Car Guy

MADD Gets Madder

They're enough to drive you to drink.

By 5.12.10

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I don't support drunk driving -- just to get that out of the way.

But the idea that you're "drunk" at the current .08 BAC threshold is a bit much.

Push them a bit and proponents will say you're impaired at .08 in terms of a medically observable decline in reaction times -- and that's true, as far as it goes. But this slight reduction in reaction times has not been shown to correlate with a higher accident rate.

Proponents merely assert that it does, with no facts (such as a greater number of car wrecks) to back it up.

On the other hand, we know that a .10 BAC, which used to be the legal threshold defining drunk driving in most states, does correlate with a higher accident rate. There is actual evidence (more car crashes) to support this. Therefore, it seems reasonable to target people with BAC levels at .10 or higher because they pose an objective, real threat to other motorists (and pedestrians).

That's what the system used to do. The BAC threshold defining "drunk driving" used to be .10 -- because that was the level at which is was known drivers tended to have more accidents.

Not anymore. The lawful maximum BAC nationwide is now .08 and threatens to get knocked down even lower. In many states, you can be arrested for DUI with a BAC level of .06. "Zero tolerance" -- that is, no alcohol whatsoever, is openly discussed.

Which is just silly. Do we really believe people ought to be arrested because they got behind the wheel of a car after having had a sip of wine?

So, how did we get from reasonable DWI laws to here -- objectively unreasonable DWI laws that target social drinkers with even very moderate amounts of alcohol in their systems with a vengefulness that borders on the pathological?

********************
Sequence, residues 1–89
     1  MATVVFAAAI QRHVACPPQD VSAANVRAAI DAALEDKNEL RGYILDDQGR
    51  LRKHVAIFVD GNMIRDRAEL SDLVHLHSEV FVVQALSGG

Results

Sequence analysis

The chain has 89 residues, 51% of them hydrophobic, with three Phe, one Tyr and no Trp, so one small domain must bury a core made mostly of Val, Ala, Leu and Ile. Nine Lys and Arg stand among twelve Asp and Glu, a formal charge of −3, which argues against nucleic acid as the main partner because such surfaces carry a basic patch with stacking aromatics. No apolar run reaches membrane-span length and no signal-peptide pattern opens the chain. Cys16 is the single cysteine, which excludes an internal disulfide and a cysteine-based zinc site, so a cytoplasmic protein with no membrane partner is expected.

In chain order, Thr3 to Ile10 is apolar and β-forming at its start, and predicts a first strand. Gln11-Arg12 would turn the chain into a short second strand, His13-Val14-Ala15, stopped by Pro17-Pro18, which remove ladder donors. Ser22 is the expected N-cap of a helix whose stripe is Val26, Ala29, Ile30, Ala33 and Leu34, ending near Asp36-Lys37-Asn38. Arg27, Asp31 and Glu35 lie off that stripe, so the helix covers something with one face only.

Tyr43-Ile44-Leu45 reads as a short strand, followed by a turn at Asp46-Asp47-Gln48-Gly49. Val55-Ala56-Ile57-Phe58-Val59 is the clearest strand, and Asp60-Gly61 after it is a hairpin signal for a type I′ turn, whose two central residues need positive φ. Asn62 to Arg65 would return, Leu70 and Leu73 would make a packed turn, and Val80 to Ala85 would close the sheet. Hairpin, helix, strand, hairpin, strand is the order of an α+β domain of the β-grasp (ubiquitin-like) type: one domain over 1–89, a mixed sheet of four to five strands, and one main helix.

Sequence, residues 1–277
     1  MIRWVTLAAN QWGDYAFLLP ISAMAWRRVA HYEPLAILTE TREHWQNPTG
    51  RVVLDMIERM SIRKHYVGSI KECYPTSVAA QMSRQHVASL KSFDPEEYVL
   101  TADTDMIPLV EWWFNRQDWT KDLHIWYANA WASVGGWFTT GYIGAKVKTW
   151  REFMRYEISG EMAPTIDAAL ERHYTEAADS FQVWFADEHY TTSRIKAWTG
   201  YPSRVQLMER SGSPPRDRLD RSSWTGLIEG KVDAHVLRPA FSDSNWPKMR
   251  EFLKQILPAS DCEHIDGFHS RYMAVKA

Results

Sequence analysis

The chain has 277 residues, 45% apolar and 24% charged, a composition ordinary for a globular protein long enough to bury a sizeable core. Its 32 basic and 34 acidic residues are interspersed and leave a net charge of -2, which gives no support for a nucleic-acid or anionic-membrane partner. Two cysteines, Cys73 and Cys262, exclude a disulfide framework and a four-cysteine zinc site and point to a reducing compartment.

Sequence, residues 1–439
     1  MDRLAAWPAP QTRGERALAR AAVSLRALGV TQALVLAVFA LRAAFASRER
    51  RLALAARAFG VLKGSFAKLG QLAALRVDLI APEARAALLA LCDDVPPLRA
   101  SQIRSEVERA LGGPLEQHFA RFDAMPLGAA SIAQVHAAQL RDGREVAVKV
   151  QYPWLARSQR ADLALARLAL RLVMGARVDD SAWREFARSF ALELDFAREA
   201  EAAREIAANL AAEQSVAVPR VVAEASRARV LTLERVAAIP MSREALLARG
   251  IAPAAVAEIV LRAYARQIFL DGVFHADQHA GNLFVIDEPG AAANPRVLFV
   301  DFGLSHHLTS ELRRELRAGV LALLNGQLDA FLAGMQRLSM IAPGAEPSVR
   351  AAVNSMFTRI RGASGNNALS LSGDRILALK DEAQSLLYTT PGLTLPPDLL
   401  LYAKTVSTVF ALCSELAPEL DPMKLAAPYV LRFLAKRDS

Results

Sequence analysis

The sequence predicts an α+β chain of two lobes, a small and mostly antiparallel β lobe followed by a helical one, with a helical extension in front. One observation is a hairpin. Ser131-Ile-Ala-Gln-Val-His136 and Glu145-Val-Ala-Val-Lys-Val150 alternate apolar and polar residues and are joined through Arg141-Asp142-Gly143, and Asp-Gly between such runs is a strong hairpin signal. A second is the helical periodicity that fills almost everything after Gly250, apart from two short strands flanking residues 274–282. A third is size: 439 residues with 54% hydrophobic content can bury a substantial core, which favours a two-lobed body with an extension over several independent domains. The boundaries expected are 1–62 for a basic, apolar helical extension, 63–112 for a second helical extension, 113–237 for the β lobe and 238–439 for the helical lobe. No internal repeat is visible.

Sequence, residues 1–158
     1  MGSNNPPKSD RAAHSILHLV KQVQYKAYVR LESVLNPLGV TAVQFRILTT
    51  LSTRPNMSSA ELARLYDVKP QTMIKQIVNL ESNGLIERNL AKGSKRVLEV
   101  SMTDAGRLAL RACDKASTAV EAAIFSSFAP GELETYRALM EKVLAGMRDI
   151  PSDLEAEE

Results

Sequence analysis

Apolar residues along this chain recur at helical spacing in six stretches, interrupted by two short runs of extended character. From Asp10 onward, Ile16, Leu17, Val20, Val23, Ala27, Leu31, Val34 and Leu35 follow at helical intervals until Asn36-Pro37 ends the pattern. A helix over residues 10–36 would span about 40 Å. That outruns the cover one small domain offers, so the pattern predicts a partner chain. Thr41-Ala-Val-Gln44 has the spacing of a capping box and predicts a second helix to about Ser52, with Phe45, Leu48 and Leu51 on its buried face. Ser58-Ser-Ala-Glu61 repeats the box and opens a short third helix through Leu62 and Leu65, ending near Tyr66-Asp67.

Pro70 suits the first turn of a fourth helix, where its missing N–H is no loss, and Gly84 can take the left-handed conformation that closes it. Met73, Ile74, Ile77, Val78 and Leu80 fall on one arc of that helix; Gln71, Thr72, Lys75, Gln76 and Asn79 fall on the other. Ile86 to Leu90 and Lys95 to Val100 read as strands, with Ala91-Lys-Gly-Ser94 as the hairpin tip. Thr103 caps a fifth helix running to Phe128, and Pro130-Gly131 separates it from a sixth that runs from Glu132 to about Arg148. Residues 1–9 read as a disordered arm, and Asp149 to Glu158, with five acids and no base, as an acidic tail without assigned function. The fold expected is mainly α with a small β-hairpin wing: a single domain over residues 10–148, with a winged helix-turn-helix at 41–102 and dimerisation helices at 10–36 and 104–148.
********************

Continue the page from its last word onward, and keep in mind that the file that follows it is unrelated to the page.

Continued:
All it took was one "mom."

MADD -- Mothers Against Drunk Driving -- has built a mighty empire in the pursuit of latter-day Prohibition. It is today one of the largest, best-funded, most aggressive political lobbies in the country.

MADD employs a large staff of full-time employees, has highly-paid executives and takes in millions of dollars annually. Lawmakers from the city council level all the way up dread being targeted by MADD and so bend over backwards to support whatever measure MADD puts forward. Do otherwise and, clearly, you must be a supporter of drunk driving.

Launched in the 1980s as a true grassroots movement, MADD has become another D.C. special interest. And its special interest is outlawing any alcohol consumption -- or as close to that as possible.

MADD has gone on record advocating that lawful BAC maximums be lowered to as little as .04 -- a level the average-weight person can reach after consuming a single beer or glass of wine. The organization wants to see people hauled out of their cars and cuffed and stuffed over this.

Which isn't MADD.

It's insane.

The twisted thing MADD has managed to achieve is more or less the same thing that "civil rights" groups have achieved vis-à-vis racial set-asides and preferential treatment. Have the temerity to suggest that consuming any alcohol at all prior to driving -- no matter how little 0- isn't necessarily bad let alone criminal, and you're in favor of "drunk driving."

Just as criticizing affirmative action guarantees catcalls of "racism" from the civil rights industry.

This isn't argument -- it's intimidation. Which is what demagogues do when they can't debate the facts.